In the Transforming Public Procurement Green Paper, the Government signalled its desire to increase its control over procurements by all contracting authorities.
Charities, like other organisations, may be subject to or choose to voluntarily comply with, the reporting requirements under the Modern Slavery Act 2015.
To increase transparency, this involves publishing an annual statement setting out what, if any, steps the organisation has taken to ensure that slavery and human trafficking is not forming any part of its business or supply chain.
While it is good practice to comply regardless, the statement is only compulsory for 'commercial organisations' with a turnover of at least £36 million.
For charities, the purpose of an organisation’s profits is not taken into consideration when it comes to assessing whether or not they meet the definition of a 'commercial organisation'. Therefore, even where the organisation pursues primarily charitable purposes, they will need to comply with section 54 if they supply goods or services and meet the turnover criteria.
A charity will meet the turnover criteria where the £36 million is derived from business activities. The criteria is based on UK VAT law and means that although an activity may be performed for the benefit of the community or in furtherance of charitable objects, it still may be deemed a business activity for VAT purposes. Some examples of business activities are:
- The sale of both donated and bought goods by a charity;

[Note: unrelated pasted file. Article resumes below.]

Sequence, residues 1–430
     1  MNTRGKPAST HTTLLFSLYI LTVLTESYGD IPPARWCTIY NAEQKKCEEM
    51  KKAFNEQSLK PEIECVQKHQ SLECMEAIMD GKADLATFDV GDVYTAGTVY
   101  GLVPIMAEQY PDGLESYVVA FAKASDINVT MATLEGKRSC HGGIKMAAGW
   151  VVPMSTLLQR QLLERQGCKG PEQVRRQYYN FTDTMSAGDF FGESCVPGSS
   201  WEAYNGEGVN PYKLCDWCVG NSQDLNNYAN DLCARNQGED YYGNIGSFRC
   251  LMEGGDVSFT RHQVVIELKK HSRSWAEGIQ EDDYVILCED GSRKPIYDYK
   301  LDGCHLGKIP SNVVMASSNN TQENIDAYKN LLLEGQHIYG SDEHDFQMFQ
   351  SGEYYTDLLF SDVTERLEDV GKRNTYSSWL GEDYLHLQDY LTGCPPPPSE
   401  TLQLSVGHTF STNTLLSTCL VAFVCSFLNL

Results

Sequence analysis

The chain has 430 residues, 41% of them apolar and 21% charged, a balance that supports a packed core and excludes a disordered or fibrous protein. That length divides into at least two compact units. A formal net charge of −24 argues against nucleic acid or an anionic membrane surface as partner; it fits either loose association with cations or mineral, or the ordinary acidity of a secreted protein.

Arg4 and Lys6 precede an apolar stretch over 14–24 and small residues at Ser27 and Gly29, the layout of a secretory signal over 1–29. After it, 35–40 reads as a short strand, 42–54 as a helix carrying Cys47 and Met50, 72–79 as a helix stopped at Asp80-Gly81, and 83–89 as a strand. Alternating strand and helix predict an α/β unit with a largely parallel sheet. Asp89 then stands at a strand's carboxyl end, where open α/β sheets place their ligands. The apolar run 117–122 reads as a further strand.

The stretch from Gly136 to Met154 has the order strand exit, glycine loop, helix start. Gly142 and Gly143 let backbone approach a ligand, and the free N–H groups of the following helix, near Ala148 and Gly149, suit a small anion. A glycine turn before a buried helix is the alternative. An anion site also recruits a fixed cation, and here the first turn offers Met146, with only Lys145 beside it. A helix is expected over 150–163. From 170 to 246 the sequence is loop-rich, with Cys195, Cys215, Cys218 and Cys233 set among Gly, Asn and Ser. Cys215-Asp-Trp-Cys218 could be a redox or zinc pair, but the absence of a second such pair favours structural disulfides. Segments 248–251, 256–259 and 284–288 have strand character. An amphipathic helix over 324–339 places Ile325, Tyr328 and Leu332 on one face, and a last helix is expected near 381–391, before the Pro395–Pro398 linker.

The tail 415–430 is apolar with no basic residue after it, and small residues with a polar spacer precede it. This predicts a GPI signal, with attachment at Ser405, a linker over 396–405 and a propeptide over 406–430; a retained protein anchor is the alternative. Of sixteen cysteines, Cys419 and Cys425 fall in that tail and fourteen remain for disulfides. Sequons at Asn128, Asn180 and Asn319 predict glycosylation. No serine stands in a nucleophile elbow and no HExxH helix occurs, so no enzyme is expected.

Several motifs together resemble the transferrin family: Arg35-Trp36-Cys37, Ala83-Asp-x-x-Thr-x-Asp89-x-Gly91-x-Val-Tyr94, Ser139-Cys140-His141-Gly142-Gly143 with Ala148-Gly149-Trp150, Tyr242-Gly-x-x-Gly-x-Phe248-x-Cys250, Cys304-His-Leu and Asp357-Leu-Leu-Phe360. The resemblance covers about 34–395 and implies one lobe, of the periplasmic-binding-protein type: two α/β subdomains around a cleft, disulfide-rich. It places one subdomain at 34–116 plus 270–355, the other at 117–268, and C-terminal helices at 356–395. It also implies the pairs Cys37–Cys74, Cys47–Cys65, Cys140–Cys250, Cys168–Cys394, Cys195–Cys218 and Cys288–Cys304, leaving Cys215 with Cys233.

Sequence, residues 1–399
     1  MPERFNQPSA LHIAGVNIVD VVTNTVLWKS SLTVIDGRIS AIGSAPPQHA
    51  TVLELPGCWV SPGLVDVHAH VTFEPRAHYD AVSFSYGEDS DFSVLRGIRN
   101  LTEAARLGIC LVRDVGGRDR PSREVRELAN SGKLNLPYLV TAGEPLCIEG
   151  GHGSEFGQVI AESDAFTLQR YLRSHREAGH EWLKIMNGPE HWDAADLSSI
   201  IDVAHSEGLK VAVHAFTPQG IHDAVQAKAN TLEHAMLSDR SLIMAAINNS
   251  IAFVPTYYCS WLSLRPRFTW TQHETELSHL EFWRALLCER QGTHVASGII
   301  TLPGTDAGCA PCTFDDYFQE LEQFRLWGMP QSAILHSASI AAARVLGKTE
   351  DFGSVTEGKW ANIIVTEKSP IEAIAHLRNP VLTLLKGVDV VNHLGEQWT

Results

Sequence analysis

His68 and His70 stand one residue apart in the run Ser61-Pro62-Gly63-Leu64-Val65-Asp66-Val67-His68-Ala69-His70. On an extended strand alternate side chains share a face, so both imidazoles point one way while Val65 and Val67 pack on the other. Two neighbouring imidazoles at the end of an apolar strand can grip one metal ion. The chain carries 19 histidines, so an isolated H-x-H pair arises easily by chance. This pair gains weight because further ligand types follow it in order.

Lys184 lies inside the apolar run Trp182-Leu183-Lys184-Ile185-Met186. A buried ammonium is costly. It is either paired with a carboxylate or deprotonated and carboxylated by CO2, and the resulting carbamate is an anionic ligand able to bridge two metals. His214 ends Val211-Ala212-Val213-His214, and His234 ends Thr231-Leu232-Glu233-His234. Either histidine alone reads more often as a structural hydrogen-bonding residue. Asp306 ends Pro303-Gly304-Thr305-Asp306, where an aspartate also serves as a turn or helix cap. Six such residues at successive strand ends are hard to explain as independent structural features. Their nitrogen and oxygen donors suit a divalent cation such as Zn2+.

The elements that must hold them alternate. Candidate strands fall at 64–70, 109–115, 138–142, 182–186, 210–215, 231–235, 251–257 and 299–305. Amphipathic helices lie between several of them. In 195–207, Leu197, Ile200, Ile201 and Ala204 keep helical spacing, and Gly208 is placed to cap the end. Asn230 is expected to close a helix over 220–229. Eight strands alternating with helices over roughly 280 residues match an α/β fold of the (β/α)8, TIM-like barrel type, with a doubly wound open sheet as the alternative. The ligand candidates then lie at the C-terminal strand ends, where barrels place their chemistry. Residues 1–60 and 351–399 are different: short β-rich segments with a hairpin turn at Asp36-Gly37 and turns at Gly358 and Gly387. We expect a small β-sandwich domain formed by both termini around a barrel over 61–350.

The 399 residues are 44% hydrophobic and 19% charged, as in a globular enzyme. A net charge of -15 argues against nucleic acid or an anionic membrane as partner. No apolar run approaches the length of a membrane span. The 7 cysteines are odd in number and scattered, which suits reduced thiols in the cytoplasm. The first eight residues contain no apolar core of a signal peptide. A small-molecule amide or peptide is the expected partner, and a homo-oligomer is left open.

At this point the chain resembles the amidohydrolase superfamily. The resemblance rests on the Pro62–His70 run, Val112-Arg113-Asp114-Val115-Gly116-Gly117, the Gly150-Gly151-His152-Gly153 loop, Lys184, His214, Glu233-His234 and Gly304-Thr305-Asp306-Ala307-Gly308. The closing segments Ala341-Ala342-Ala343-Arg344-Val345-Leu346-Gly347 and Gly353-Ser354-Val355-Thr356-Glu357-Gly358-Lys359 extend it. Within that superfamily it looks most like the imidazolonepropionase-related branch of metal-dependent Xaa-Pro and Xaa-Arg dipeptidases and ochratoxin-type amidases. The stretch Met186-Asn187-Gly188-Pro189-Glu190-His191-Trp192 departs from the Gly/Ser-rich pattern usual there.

- The letting of land or buildings for a fee;
- Admission to premises such as admitting visitors to places of interests, gardens, or concerts at a charge; or
- The sale of advertising space in a charity’s brochure or annual report (unless supplied to another charity).
Donations, legacies, and grants, where the donor receives no service or benefit, are generally not considered to be derived from business activities and therefore do not need to be included when considering the turnover threshold. The Government’s full guidance on charitable business activities can be accessed here.
What’s in the statement?
As it stands, the content of the statement is not mandated but the Home Office guidance highlights information organisations may wish to include. For example, organisation structure, slavery and human trafficking prevention policies and any identified risks of this within their supply chain, staff training on the issues and due diligence taken on the matter when contracting with suppliers.
For those organisations subject to the legal requirements, the statement must be updated yearly within six months of your organisation’s financial year-end and should also be published on your UK website.
An example is Mind, who have published their statement on their website here.
The Home Office has launched a modern slavery statement registry to share the steps your organisation is taking and to make it easier for the public to find information. Some charities may have already received a letter and security code for registration.
The online form asks organisations to provide basic information and its statement. While the registry is not yet mandatory, it is good practice for charities that meet the threshold criteria to begin registration and for all organisations to ensure that their statements are up to date and published on their websites.
For more information
For advice on your charity supply chains and contracts for goods/services, please get in touch with Natalie Barbosa.
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